Want to relive the days of classic GTA? This game tries to do just that, with even more chaos
- Simple controls allow you to start playing quickly
- Comic book style of animation adds drama to the game
- Fast-paced music keeps you motivated
- Objective-based gameplay
- Multiple difficulty settings
- Multiple languages supported
- Distinct lack of realism
- Score serves no real function
- Game becomes boring after a time
Police: Destruction Street is a free arcade-style action driving game for PC (Windows), developed by Play Publishing, in which you patrol the streets as a police car, driving away criminals to keep the streets safe.
The Mayhem of Police Work
While patrolling the streets as a police officer, one can only imagine the kinds of people you encounter, and how you might deal with them. This game appears to flat out ignore the central premise of managing a scene and maintaining order, instead opting for utter street carnage akin to the likes of Grand Theft Auto, all represented in a humorous comic book style of animation.
Game Mechanics, Features and How to Play
Police: Destruction Street is exactly how it sounds: a veritable smash fest in which your police car will slam into criminals, buildings, lamp posts, and even other vehicles, all for the sake of order. Allegedly. When you begin the game, you are immediately tossed into the action. Environments are presented from above, overlooking a small section of city and your car at any one point - hence the Grand Theft Auto references. Although this is a 2D space similar to GTA, the game is still presented in three dimensions.
Graphically, the game is very similar to a comic strip. Textures are fairly basic, drawing is done using clean, thick black lines. Objects such as trees are particularly prominent. Any in-game instructions provided even have white dialogue boxes with black comic book font. Most noticeable, however, are when you collide with obstacles such as bins, lamp posts, and even other people, which will toss up "Bam", "Pow", "Wham", "Crash" and other giant words - again just like in comics. This definitely adds a welcome touch of humor to the game, making every encounter even more dramatic. The music adds to this too, offering what sounds like an interpretation of 'Flight of the Bumble Bee' only with electric guitars. If anything, it's more fast-paced, which in turn helps dictate the game's pace.
Controls could not be simpler to learn, consisting only of directional buttons for moving your vehicle, and mouse buttons for firing your weapon. A green arrow, controlled by your mouse, is also used to mark your current objective. For most objectives, however, destroying objects can be done using your vehicle.
Gameplay is ultimately quite linear. After you leave your starting point, a red circle, you must drive around searching for objectives to complete. When you pass over one of these, the objective counter will appear in the bottom right of the screen, as well as a timer for completing it. Objectives include scaring away criminals, destroying vehicles or buildings and many more. All of these are just as chaotic, as you'll likely end up smashing your car into whatever objectives you have, or blowing them up with bombs. Once you have completed an objective, you must return to the red circle and look for others.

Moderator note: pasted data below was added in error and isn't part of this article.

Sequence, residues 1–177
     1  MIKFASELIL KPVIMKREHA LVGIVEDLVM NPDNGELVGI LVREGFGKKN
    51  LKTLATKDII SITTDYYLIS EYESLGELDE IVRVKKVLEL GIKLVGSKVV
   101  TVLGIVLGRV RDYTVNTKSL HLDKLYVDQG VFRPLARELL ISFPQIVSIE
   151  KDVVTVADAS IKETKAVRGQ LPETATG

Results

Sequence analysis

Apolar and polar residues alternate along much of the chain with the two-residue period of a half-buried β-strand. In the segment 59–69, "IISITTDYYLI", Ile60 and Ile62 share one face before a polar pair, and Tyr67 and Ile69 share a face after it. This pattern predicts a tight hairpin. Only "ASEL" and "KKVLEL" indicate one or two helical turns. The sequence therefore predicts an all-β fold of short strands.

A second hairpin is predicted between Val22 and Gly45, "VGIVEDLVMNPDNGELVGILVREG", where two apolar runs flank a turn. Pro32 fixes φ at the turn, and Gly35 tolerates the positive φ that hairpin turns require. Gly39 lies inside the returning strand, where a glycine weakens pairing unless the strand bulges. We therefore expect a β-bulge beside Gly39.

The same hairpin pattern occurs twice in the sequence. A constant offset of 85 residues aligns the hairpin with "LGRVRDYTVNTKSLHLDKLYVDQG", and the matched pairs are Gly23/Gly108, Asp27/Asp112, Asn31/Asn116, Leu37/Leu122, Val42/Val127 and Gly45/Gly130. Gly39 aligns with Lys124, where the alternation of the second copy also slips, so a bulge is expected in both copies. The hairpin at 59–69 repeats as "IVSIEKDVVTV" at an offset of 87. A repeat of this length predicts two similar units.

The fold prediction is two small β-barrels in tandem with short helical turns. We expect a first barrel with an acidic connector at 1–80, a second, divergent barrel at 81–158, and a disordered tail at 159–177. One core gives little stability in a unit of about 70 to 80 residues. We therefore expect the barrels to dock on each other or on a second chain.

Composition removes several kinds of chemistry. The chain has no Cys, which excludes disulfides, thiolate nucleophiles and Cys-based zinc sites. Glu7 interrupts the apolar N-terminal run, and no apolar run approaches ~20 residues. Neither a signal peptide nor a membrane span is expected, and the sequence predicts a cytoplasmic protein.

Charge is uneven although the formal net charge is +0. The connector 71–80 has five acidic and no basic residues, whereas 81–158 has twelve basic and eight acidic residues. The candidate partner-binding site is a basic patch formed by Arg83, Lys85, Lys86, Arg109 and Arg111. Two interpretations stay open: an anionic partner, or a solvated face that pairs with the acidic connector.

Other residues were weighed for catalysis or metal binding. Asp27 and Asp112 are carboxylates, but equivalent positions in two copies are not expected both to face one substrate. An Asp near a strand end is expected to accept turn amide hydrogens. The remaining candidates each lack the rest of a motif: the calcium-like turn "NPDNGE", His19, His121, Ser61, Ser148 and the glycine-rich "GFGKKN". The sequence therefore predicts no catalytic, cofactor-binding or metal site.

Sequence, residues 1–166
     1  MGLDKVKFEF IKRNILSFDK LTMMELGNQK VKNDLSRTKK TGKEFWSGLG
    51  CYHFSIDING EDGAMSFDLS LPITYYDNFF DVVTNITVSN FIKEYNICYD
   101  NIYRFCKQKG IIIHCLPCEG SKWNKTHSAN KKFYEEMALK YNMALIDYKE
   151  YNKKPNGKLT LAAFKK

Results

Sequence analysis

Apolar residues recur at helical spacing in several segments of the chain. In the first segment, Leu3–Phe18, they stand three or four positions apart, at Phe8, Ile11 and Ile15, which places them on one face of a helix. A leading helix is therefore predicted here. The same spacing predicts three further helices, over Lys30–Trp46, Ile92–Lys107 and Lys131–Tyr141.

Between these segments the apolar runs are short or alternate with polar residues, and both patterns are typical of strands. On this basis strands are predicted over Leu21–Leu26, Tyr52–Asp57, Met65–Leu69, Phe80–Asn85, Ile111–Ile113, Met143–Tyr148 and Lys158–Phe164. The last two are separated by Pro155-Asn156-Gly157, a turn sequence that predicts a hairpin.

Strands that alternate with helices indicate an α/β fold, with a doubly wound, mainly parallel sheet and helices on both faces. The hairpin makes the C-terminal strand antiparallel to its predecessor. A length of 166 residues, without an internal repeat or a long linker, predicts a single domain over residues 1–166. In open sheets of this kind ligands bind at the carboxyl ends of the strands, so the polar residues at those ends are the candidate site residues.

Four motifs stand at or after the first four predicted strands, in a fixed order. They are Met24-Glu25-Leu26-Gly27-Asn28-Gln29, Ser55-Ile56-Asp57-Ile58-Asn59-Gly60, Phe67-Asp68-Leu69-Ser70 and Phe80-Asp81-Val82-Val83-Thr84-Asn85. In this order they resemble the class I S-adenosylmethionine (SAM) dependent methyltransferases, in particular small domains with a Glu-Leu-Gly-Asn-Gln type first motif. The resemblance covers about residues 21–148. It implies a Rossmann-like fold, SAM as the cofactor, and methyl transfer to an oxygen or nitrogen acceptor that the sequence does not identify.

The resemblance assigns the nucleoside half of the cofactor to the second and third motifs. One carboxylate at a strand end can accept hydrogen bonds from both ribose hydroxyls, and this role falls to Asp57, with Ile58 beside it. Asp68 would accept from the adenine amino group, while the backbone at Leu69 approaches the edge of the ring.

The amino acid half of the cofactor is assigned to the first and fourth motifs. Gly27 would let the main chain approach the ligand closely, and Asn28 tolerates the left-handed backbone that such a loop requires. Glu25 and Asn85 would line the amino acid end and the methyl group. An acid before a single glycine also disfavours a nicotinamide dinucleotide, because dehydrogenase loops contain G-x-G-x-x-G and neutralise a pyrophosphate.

While driving around, you will also encounter various collectibles which increase your score or contribute to your objectives. While the game can be played with complete reckless abandon, which in a way is part of the fun, to achieve higher scores you'll need to do some searching. Despite this completionist-friendly aspect, a lack of anything to do other than smashing things becomes tedious fast, and the game can get quite repetitive once you've all but leveled the city.
In terms of realism, the game offers little or none. Buildings and cars collapse almost instantly. Your police car is insanely durable, capable of toppling these buildings and destroying cars and trucks more than twice its size in seconds. Must be a new model, or a tank in disguise. As with many games of this type, however, the game has no need to approach reality.
If you're finding the game to be boring after a time, one way to make gameplay more interesting is to increase the difficulty level from the main menu
If you're finding the game to be boring after a time, one way to make gameplay more interesting is to increase the difficulty level from the main menu. If you find the chaotic nature of the game too tough to handle, raising the difficulty will also offer a measure of focus by modifying the length of time you are given to complete objectives as well as the work involved in completing them.
Police: Destruction Street is a fun way to spend your time if you're looking for unbridled, endless amounts of destruction like older GTA titles. The simple and responsive controls allow you to hop into the action immediately, offering an objective-based city map to explore. Objectives are limited to out and out smashing of objects and other people. The user interface is relatively simple, too, clearly displaying your objectives and timer on the screen. The game, however, can be become quite boring after a time, and it appears to completely abandon any sense of realism, in part due to its underdevelopment. Overall, however, despite these setbacks the core gameplay is enjoyable and it's definitely worth downloading.